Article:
Thursday, 9 April 2020

Review - The Warning by James Patterson

Available on Paperback and Kindle!

I always say, "If you have trouble sleeping, then read a book!"

After tossing and turning for several hours, I got out of bed early this morning and grabbed a book that's been sitting on my nightstand since Christmas – The Warning by James Patterson (co-authored with Robison Wells). The novel was published last August by Grand Central Publishing, and I was given the paperback as a gift around the holidays. At the time, I had placed a bookmark inside with the full intention of reading it right away, and, as you can see that never occurred until this morning.

I was scratching my head after reading the first couple of chapters, as the narrative was clearly written for a YA audience, but I'm pretty sure the novel was marketed for adults. Not that I have anything against adults reading YA novels, as I'm guilty of liking the genre, too. It's just that I'm sure there were many fans of Patterson's adult titles that purchased The Warning and were disappointed with it because it wasn't written for adults.

The Warning is set one year after the town of Mount Hope, South Carolina was evacuated after a nuclear incident occurred at the Mount Hope Nuclear Power Plant. At the time, the citizens were taken to a quarantine camp with no cell-phone coverage, internet access, or cable until it was safe to return to their homes, though they're all still under lockdown.

The narration flips back and forth between two teenage characters ‒ Jordan and his girlfriend, Maggie. Jordan, his younger brother, and their mother try their best to restart their lives, but things quickly get weird when an explosion occurs and a human-like figure with a sword-arm shows up to wreak havoc. Jordan and Maggie have to piece together clues to solve the mystery, which all points to the power plant.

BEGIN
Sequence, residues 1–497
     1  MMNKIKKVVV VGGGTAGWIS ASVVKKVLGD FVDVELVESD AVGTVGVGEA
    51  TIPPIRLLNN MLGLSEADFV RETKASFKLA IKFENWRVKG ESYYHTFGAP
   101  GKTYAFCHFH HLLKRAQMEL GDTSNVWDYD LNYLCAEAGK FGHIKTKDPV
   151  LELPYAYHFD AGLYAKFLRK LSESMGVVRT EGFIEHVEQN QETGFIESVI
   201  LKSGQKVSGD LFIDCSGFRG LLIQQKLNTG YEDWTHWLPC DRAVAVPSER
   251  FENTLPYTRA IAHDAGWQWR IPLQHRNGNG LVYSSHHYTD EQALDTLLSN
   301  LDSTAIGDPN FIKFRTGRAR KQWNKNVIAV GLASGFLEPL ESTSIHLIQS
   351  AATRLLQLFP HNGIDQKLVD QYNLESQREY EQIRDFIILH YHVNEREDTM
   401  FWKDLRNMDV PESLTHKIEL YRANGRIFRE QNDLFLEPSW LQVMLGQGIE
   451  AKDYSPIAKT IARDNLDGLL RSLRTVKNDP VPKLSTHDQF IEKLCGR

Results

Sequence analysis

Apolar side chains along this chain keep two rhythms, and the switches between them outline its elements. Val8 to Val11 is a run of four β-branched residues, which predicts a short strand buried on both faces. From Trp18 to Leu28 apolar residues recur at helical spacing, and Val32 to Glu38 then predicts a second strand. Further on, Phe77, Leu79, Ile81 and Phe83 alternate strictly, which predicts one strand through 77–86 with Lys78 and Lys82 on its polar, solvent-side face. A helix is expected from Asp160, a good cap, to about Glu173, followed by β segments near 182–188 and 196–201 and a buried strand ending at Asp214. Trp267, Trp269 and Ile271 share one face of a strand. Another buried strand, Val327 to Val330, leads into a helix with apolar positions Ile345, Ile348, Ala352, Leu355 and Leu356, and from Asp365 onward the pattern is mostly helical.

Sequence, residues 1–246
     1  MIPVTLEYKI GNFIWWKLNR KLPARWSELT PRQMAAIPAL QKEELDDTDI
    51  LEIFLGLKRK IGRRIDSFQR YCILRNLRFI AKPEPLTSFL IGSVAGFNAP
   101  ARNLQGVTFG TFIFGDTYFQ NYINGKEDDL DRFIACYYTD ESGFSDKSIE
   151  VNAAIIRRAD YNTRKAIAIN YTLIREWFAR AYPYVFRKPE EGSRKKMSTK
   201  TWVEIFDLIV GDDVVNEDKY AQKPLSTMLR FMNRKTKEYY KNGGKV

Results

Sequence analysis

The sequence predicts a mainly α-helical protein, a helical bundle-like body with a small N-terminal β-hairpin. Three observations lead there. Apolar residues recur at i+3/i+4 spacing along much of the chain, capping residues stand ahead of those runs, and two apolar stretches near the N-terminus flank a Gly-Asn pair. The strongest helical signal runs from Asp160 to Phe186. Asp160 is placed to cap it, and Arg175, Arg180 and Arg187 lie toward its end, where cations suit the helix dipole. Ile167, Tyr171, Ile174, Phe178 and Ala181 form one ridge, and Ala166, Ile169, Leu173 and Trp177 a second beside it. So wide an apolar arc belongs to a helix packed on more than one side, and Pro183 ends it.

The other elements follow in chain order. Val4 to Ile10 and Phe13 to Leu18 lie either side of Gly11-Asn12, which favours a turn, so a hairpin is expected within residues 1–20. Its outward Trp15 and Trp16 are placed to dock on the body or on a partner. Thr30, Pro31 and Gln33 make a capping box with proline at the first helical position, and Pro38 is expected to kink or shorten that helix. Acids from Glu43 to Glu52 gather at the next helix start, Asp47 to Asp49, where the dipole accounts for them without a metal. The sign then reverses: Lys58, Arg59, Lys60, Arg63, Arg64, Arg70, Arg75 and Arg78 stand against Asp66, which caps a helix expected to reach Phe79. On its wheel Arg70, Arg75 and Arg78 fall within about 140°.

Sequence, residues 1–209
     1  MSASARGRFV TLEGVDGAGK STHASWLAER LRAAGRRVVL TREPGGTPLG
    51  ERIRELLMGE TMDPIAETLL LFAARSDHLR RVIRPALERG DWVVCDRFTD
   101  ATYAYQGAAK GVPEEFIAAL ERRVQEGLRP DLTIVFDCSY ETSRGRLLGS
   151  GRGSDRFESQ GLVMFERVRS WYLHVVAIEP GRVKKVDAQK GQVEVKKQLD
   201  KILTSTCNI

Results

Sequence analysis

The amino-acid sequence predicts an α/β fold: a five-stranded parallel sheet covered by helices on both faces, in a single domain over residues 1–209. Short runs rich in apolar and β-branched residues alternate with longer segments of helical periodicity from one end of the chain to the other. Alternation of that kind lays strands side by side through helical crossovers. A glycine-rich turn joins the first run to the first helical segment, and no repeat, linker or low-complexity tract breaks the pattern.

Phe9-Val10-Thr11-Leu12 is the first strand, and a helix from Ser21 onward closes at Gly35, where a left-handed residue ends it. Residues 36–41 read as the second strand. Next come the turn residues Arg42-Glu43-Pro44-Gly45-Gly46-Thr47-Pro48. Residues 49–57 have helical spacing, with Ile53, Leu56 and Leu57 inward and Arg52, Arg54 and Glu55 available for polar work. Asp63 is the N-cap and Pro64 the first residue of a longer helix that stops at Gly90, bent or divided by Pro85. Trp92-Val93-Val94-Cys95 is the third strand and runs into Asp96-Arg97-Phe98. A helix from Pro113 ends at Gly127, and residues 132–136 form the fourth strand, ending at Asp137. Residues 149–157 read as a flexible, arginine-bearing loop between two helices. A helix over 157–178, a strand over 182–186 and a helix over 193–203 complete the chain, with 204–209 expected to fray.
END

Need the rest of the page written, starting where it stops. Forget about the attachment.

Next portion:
Final Thoughts

I was invested in the story for the first half, which felt like a Dean Koontz's plot from the 1980s. Then everything goes way too bizarre and completely falls apart by the end. The "sentient" computer taking over is a ripoff of "Hal" from 2001: A Space Odyssey and "Skynet" from the Terminator franchise. The latter half feels really rushed, as if the authors had no idea how to end it. The ending messages are a warning to us all that technology is evil!

Overall, The Warning is a mixed bag for me. I don't really mind the science fiction/horror elements, but it's poorly executed. If the authors wanted to truly go that route, then they should've given us detailed descriptions, memorable dialogue, and a "unique" villain. Instead, all we get is another generic YA apocalyptic novel that you'll have completely forgotten about by the time you finish reading the last page.

Nevertheless, there was something about the story that appealed to me. Yes, it could have been better written, especially the latter half, but it reminds me of the cheap paperbacks I read when I was a teenager. The Warning is forgettable by the very end, but at least it kept entertained for a few hours.

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